Make no bones about it. First and foremost, Marty Higgins is a baseball player.
It’s where the Nutley High School junior gets his most recognition and acclaim. After all, Higgins has already given a verbal commitment to St. John’s University to play baseball there after he graduates from Nutley in 2019.
Higgins batted .362 as a freshman playing varsity two seasons ago and hit .358 last year as a sophomore. He’s played everywhere for the Maroon Raiders, seeing time at shortstop as a freshman, then third base and catcher last year.
Even the Nutley High basketball coach knows that about Higgins.
“He’s a baseball player,” said Maroon Raiders head boys’ basketball coach Bob Harbison. “Baseball is his game. He’s a terrific baseball player.”
Harbison should know. That’s because he doubles as the Nutley head baseball coach.
But in the winter months, Higgins is a basketball player as well _ and a mighty fine one at that.
Higgins’ love of basketball comes from his father, Marty, Sr., who is still the all-time leading scorer in the history of Nutley basketball. The elder Higgins went on to play college basketball at the University of Maine (1988-92) and scored 961 points for the Black Bears.
“He pushed me a little,” the younger Higgins said about basketball. “Ever since I was little, my Dad wanted me to play basketball.”
The younger Higgins said that he always wanted to be a two-sport athlete.
“I enjoy playing the two sports,” Higgins said. “I never did want to stick to just one. I’m really excited about that. I even wanted to play football, but my Dad shut that down pretty quickly. He always is looking out for me.”
Higgins said that he developed his basketball prowess by playing with his father, uncle and cousins at his uncle’s full-court setup in Ridgewood.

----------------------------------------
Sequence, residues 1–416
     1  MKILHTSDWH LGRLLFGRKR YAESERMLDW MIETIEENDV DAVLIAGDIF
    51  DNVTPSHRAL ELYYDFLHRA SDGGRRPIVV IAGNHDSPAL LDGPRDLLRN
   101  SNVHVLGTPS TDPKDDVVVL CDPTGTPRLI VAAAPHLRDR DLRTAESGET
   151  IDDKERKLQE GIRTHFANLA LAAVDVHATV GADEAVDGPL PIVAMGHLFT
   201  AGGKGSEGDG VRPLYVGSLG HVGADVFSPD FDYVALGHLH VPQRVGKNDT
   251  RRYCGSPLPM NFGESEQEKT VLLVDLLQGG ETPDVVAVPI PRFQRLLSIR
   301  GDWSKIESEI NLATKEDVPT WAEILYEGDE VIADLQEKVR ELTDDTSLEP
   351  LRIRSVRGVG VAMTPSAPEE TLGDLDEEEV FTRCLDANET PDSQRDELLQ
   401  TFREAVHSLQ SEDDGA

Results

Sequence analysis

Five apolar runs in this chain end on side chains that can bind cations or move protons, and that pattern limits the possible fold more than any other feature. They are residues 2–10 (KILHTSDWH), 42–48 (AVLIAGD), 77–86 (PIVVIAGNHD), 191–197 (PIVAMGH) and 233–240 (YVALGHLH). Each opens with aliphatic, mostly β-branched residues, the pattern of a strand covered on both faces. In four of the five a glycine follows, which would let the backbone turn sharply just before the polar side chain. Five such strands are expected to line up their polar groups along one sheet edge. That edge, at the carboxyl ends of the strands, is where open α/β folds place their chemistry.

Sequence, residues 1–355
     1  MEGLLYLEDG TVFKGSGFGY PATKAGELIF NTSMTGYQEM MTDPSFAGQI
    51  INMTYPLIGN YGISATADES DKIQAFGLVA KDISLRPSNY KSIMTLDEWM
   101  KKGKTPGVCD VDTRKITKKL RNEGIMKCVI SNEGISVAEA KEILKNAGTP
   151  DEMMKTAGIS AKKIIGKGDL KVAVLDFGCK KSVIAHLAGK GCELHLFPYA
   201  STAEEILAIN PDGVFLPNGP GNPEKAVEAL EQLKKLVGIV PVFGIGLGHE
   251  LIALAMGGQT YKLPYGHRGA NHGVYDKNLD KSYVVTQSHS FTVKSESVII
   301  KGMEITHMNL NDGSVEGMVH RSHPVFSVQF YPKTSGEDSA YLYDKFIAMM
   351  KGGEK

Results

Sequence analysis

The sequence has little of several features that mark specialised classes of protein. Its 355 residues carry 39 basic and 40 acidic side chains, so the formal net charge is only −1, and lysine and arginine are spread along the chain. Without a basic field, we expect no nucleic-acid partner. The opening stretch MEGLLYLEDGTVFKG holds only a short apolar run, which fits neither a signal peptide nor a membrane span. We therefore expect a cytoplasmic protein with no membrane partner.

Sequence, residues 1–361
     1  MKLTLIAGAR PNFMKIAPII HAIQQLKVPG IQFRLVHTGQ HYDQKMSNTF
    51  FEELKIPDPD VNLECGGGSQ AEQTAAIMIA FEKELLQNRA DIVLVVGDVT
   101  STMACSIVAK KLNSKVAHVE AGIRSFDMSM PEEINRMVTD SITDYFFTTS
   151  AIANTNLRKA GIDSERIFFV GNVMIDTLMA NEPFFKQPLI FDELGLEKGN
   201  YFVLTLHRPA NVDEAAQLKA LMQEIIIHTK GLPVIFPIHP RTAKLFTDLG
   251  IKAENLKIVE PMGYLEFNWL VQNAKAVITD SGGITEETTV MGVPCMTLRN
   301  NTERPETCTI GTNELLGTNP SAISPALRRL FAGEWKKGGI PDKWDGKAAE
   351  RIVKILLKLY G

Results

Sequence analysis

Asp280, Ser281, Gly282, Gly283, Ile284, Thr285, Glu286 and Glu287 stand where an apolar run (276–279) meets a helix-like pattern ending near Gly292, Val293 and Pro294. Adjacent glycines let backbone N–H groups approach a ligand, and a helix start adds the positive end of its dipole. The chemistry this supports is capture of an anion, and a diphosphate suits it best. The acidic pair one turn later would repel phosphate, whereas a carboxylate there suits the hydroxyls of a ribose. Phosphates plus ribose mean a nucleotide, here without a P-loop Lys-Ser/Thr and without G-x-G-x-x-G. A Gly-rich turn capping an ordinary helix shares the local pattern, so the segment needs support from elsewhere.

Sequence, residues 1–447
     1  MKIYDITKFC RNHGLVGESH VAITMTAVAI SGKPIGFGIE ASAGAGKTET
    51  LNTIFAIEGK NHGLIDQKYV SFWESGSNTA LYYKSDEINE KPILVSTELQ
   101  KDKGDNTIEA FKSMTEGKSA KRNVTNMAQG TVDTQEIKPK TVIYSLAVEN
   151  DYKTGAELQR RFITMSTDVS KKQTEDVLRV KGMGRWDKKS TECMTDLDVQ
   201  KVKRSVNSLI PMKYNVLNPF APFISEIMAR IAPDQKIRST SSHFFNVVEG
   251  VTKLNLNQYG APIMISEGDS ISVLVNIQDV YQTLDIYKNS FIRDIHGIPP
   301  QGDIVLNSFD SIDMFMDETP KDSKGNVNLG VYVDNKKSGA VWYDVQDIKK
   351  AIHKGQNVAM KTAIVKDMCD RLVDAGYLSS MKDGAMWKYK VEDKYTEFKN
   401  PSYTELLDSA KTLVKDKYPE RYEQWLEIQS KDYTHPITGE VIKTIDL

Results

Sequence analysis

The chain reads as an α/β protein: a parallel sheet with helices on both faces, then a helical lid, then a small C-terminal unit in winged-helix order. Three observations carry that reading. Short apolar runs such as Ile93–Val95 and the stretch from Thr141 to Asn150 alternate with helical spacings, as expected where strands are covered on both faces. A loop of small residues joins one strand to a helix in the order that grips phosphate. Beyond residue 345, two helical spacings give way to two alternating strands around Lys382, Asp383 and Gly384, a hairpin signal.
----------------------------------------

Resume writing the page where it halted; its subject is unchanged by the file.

“All five of my cousins are good athletes,” Higgins said. “We’ve played there at my uncle’s house since I was little. The dads would jump in and play with us. It was a lot of fun.”
And Marty would always find a way to squeeze basketball into his life, even when he was working on his hitting stroke.
“I have a hoop in my backyard,” Higgins said. “Every day, I’d go out and shoot about 200 baskets. Baseball takes up most of my time, but I manage to play basketball.”
Before the 2017-18 season began last month, Higgins said that he would go to the local park in Nutley to play with his teammates.
“We played in the Bloomfield summer league together,” Higgins said. “We got used to playing together there. We felt like we all had to step up this year. We played together and hung out together to get everyone excited for the season.”
Harbison, the basketball coach, likes the way that his baseball standout takes command.
“He’s emotionally heady,” Harbison said. “He’s a steady player who is always under control. He has everything in its proper perspective. No matter what the situation is Marty never gets too excited. Nothing really affects him.”
But make no bones about it, Higgins is expected to hit home runs on the basketball floor as well. He’s supposed to knock down the long-range jumpers.